RENTON, Wash. (AP) — T.J. Houshmandzadeh, Matt Hasselbeck and Lawyer Milloy have 34 seasons of NFL experience combined.
Yet they have never experienced a day off just five days into a training camp.
That's what new Seattle Seahawks coach Pete Carroll gave his team on Wednesday. No practice. No meetings.
They will get another day off on Monday. That's two full breaks over the first 10 days of camp.
Carroll is also resting veterans on a rotating basis each day.
No wonder Houshmandzadeh is smiling as though he's at a summer swim camp instead.
"This might be the best camp I've ever been a part of," Houshmandzadeh said. "You see the players' schedule. You have to work hard — but they are taking care of you."
Carroll gathered his players in the middle of the field after Tuesday's single practice, Seattle's sixth of the preseason. He told them to be smart, stay safe, get off your feet and report back for a check-in meeting on Wednesday night.
They told him, "Thanks!"
It's the Seahawks' first score of the season.
It's also an early example of how Carroll has changed his first go-around in the NFL, as coach of the New York Jets in 1994 and of New England from 1997-99.
"We'll take it, we accept that," said Hasselbeck, who also sees Carroll's gift as a test. "I think with that comes a huge responsibility as players. It's an opportunity to do the right thing or do the wrong thing. He asked us to get off of our feet and rest and that kind of thing. Hopefully we all take advantage of it. I know I'm going to."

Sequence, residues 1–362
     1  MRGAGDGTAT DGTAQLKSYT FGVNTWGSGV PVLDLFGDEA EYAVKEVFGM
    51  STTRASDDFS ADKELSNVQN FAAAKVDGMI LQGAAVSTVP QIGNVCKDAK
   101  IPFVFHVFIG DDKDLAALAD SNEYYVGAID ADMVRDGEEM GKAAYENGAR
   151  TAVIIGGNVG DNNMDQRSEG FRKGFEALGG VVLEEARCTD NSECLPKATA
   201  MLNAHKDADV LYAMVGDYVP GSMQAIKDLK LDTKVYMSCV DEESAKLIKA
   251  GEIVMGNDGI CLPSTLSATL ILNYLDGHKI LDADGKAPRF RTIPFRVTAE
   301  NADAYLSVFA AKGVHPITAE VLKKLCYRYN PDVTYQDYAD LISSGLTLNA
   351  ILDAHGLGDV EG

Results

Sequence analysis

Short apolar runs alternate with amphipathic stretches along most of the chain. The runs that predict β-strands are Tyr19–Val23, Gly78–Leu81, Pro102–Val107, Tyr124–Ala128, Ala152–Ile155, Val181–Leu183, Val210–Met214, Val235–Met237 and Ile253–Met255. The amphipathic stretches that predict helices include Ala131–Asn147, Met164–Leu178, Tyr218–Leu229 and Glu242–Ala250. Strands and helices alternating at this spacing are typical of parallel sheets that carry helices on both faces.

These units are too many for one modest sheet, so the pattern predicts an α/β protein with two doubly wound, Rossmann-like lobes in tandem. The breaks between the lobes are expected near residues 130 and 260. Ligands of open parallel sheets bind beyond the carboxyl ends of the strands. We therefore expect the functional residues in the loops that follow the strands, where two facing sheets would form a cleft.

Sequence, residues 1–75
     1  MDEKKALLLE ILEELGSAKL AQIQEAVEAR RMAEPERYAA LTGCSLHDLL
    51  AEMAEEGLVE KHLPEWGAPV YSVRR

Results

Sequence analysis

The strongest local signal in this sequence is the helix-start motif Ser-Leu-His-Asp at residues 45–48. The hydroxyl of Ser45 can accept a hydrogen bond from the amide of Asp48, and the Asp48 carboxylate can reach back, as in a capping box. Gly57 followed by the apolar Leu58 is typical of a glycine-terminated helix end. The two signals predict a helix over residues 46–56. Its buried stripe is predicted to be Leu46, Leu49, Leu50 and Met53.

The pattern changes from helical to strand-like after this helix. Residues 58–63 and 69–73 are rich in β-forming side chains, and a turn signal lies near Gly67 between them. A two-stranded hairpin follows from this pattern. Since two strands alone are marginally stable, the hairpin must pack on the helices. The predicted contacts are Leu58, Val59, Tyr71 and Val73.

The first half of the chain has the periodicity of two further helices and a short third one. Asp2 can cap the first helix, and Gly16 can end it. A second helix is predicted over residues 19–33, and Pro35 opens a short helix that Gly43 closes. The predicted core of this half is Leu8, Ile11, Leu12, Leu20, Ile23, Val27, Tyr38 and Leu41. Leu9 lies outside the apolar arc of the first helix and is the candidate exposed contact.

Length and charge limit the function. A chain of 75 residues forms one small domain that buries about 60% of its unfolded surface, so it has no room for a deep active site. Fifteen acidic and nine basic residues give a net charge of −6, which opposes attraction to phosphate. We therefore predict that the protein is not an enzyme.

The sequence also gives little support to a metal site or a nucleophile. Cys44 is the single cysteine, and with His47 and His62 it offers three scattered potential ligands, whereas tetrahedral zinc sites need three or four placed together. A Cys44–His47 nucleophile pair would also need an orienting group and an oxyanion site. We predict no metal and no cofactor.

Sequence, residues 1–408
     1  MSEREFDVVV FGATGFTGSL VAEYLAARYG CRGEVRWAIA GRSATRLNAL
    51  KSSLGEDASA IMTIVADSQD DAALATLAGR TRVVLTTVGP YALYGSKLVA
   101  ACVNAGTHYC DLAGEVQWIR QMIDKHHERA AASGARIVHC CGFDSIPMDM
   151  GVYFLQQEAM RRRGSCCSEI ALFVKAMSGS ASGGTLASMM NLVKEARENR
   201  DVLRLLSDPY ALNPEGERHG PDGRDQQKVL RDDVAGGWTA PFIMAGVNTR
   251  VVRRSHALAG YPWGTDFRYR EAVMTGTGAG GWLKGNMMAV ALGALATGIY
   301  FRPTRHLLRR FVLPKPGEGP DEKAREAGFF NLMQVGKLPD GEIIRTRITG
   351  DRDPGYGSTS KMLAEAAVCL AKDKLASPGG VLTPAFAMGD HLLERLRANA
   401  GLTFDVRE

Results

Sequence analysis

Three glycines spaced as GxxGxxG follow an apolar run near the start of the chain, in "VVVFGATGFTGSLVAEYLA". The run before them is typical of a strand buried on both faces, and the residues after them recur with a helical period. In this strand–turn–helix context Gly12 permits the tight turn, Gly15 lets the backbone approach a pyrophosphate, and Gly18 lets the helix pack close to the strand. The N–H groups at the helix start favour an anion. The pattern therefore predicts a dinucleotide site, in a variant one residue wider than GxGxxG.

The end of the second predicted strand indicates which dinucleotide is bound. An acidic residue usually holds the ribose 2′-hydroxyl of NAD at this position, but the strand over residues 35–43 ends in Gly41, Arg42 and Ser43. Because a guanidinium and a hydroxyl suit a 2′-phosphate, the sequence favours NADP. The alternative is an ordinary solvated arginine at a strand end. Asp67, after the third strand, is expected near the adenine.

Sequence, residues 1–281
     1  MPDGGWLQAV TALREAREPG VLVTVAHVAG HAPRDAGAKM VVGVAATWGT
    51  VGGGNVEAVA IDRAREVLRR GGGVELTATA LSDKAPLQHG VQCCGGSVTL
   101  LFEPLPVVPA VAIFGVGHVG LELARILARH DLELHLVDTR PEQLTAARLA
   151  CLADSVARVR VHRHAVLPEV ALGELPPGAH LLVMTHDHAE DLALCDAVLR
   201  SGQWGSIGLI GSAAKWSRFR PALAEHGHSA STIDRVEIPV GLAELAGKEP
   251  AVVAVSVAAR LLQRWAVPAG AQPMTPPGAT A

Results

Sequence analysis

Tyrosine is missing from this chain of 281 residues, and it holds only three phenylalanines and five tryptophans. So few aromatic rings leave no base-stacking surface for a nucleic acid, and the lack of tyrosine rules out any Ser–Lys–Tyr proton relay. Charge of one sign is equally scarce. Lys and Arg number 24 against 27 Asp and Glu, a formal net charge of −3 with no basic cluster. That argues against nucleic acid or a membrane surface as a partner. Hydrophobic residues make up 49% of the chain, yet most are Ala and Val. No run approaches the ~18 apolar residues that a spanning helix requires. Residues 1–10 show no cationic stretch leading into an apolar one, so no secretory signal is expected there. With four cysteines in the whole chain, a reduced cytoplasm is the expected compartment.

It's only sounds like Camp Breeze. When they've been practicing, the Seahawks have been cracking each other since Day One. The first practice was in shoulder pads, something else most players hadn't seen. The second day, Seattle was in full pads slamming ball carriers to the turf.
Starting linebacker Aaron Curry was hitting teammates so hard during Saturday afternoon's second practice of camp that he hasn't been back on the field since because of a concussion.
It's more like Camp Preservation.
"Every single practice, every step we take out here is critically important that we max it out in every direction. The emphasis of how we practice and the intensity that we maintain also has to do with how we're prepared physically to do that," Carroll said. "There will be a rhythm to it that will get us through this process, hopefully, at a very high tempo. We don't know any other way to practice.
"The question is, 'How do you do this?'" Carroll said. "By managing it really well, that's part of it. We have a full plan on how to do that."
Carroll says this is the way he did it at Southern California while building a national champion and Pac-10 dynasty at USC, until he left the Trojans in January.
Milloy was with Carroll the last time he was in NFL. He said Carroll never did this in New England — but that it's an example of how the coach has learned how to treat pros this time.
"I think coming back into the league, he has the understanding that it's a long season and you have to go into the season fresh," Milloy said. "He understands that some of the guys who have been around understand the game, and that you don't have to evaluate them as much."
Milloy spent his first veterans' rest day this week holding a play card and instructing younger Seahawks defensive backs from the sideline throughout practice.
Not that he loved doing that.
"He was (griping) and moaning," Carroll said of the 14-year veteran with whom the coach says he had a "special relationship" in New England.
"We had to hide his shoulder pads today."